Pollution Can Make You Fat, Among Other Terrible Things
Unless you’re living in a city like Delhi or Beijing, you’re more likely to be thinking about buying new kicks than protecting yourself from invisible pollutants in the air. But just because you can't see something doesn't mean it's gone away: more than 3 million deaths each year can be attributed to outdoor air pollution, higher than those who die from malaria and HIV/AIDS combined.
Sure, you can throw your hands up in the smoggy air and say, "There's nothing I can do about it!" There are, however, measures you can take to limit the damage, and knowing the nasty effects pollution can have is a good place to start.
OK, so pollution is bad for my lungs, right?
Yeah, pretty bad. The effects of pollution can linger in your lungs for as long as a decade, or approximately 12 new smartphone generations. That's a long time! City-dwellers living in England and Wales between 1971–2001, had a 14% higher risk of dying in 2002–2009 compared to people living in the countryside.
It makes sense that pollution lead to issues like bronchitis, emphysema, and pneumonia, but the real shocker is that some of the participants died from heart disease, which they traced back and connected to the pollution in the air.
While you may enjoy the 24-hour lifestyle and craft cocktails of urban dwelling, everything has its price. Maybe this will be the final piece of the puzzle that prompts you to move away from the city for a better life in the countryside.
Pollution might also be making you fat
Bet you never considered the fact that pollution may also be to blame for those extra pounds you’ve been carrying around, too. You can find pollutants in the air you breathe, but they also have a knack for making their way into food. One study found that obese participants -- especially those with a deadly form of abdominal fat known as visceral fat -- had much higher levels of toxic pollutants.
Visceral fat is a powerful villain; it wraps around your vital organs and increases your risks of heart disease and type 2 diabetes, which happen to be two of the leading causes of death in America.
As if that weren’t enough, these high rates of pollutants are also connected to high blood sugar levels. That might not seem like a big deal, but when paired with an unhealthy diet and a lack of regular exercise, you could be looking at heart disease, stroke, kidney disease, or diabetes before you even have a chance to retire to a pollution-free island.
It's not just obese people who should worry about pollution; people exposed to higher rates of second-hand smoke or air pollution have BMIs that are 2.15 times higher than those who aren't exposed to them.
To say that pollution is the sole cause of your weight gain might be a bit of a stretch, but it may be a factor in that extra spare tire you’ve been lugging around since college.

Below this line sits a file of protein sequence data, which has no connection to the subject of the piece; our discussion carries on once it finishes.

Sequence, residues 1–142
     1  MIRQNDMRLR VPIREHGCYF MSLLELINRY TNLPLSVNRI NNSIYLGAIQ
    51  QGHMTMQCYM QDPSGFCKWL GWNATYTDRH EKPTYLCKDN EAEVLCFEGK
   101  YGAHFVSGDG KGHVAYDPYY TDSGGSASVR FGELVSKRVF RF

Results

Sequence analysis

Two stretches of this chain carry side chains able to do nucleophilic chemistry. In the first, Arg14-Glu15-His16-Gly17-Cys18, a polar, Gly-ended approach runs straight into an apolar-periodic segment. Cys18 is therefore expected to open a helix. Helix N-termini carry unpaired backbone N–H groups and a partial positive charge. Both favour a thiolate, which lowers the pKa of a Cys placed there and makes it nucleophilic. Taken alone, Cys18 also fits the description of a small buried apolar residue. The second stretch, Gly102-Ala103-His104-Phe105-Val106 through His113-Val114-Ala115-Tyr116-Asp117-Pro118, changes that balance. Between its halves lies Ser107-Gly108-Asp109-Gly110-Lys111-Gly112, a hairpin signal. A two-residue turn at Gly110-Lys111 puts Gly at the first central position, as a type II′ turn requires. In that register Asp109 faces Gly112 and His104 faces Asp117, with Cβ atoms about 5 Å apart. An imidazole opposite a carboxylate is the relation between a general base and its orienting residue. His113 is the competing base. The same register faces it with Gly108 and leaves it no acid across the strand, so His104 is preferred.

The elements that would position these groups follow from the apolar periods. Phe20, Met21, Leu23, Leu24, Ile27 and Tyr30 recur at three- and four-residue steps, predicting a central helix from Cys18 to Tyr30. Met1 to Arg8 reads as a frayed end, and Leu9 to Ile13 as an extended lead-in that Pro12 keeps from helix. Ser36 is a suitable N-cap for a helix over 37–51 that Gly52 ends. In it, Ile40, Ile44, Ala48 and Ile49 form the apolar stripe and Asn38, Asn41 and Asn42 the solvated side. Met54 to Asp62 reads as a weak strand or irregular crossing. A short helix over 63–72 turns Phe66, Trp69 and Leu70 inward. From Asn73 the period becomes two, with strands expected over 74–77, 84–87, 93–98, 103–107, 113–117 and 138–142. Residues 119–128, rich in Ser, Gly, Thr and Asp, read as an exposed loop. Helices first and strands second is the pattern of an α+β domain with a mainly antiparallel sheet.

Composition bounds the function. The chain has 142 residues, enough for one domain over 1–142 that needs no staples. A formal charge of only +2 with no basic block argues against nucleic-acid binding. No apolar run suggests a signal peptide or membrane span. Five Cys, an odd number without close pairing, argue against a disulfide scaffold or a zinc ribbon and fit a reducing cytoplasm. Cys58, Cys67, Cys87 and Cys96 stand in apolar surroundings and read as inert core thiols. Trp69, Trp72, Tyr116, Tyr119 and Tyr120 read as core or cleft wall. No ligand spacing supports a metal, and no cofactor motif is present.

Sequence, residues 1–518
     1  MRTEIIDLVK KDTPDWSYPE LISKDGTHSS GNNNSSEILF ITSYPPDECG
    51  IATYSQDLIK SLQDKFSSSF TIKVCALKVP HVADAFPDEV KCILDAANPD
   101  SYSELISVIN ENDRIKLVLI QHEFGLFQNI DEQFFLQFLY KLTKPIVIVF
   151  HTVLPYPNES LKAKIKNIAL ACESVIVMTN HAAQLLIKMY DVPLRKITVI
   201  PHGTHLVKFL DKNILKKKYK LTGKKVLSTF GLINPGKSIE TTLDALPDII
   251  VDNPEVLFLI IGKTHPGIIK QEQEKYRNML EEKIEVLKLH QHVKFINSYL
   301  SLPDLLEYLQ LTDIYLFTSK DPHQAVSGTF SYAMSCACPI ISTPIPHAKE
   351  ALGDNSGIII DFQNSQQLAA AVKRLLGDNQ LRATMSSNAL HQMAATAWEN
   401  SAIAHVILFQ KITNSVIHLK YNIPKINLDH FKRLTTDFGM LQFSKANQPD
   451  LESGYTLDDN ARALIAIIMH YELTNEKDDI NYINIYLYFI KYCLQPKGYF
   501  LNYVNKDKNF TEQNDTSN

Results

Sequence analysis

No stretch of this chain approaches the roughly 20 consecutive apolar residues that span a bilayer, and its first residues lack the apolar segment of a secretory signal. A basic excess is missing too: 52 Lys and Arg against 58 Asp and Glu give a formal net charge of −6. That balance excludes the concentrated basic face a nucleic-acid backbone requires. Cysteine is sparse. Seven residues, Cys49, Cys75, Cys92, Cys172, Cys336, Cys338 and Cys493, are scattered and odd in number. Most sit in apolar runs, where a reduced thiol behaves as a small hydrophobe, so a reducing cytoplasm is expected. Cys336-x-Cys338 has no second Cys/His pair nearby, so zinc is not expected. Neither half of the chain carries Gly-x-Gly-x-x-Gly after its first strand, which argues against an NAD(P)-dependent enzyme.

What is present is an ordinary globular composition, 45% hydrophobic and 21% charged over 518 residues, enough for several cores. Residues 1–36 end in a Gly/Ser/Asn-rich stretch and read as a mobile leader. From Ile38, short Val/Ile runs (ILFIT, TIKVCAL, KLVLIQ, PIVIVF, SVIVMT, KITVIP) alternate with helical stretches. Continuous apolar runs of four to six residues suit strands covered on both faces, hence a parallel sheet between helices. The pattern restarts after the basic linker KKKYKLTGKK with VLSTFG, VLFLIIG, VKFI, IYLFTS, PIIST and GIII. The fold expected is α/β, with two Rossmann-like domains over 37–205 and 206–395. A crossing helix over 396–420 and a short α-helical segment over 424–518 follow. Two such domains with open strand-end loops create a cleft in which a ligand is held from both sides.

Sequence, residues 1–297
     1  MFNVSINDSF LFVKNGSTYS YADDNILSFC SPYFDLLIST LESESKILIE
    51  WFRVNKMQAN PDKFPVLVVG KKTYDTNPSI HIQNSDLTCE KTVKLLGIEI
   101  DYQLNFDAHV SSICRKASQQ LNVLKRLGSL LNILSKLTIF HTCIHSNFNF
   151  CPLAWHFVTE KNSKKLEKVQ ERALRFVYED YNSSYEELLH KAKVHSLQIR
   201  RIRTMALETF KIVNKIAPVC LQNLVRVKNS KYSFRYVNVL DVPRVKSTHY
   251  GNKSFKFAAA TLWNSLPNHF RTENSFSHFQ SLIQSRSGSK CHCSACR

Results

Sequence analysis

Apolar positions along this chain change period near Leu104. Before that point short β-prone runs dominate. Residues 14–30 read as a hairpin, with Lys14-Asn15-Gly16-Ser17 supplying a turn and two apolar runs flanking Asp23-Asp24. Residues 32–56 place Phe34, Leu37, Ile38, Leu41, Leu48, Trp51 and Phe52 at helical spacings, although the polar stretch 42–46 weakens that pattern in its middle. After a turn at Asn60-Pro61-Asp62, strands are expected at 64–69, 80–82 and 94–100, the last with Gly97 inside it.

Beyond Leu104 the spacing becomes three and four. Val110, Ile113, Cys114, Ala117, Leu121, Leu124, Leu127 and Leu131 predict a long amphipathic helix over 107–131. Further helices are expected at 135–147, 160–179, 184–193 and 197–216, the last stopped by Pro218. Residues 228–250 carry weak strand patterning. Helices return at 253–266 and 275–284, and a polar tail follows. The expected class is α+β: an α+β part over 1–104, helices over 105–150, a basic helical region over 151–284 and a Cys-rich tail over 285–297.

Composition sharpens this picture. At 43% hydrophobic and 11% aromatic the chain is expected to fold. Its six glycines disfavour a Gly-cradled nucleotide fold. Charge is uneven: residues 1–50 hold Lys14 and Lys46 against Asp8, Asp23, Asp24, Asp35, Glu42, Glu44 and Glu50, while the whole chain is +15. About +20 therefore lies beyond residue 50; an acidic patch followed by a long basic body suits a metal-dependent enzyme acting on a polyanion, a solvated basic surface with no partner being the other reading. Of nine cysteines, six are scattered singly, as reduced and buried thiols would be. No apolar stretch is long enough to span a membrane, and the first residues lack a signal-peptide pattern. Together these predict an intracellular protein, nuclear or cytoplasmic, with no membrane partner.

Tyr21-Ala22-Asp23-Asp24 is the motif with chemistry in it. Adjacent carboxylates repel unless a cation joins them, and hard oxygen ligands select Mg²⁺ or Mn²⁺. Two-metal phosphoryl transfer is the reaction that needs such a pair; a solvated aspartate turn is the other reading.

But pollution is everywhere. What can I do?
You don't have to move to a yurt or adopt a plains-wandering nomadic lifestyle. But you should pay better attention to the unhealthy air that’s wafting into your lungs as we speak.
Here are three easy ways to get started:
Check your air quality like you check the weather:State of the Air, a website run by the American Lung Association, works just like finding your local weather forecast for the day. If the air quality is poor, opt for an indoor workout and skip the outdoor stroll during the danger hours -- when it’s the hottest and the sun has reached its peak.
Don't have enough room for a home workout in that studio apartment? Choose the early morning or late evening hours to get an outdoor workout in. Pollution (and transportation congestion) are at their lowest during this time.
Take the scenic route when running or biking: Get your head out of the smog and stop running or biking on routes that are surrounded by traffic. Find a scenic route so you can breathe more freely as you get your heart rate up.
Avoid using outside air in your car: You know that little button on your car’s air system that looks like you can rewind your car? That button can’t facilitate time travel, but it can help you avoid pulling in pollution from outside via your car’s air vents. Press the button and you’ll be recycling the (already filtered) air inside your cabin instead.
Pollution may not be the sexiest subject out there, but you owe it to your body to keep it on your health radar. You don't need to hide indoors or live like Bubble Boy. Just try to limit your exposure to harmful pollutants as much as you can. Your lungs, heart, and currently hidden abs will thank you later.
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Devan Ciccarelli is a writer and marketing specialist currently hiding behind the haze of air pollution. You’ll have to find her on Twitter: @DevanCiccarelli.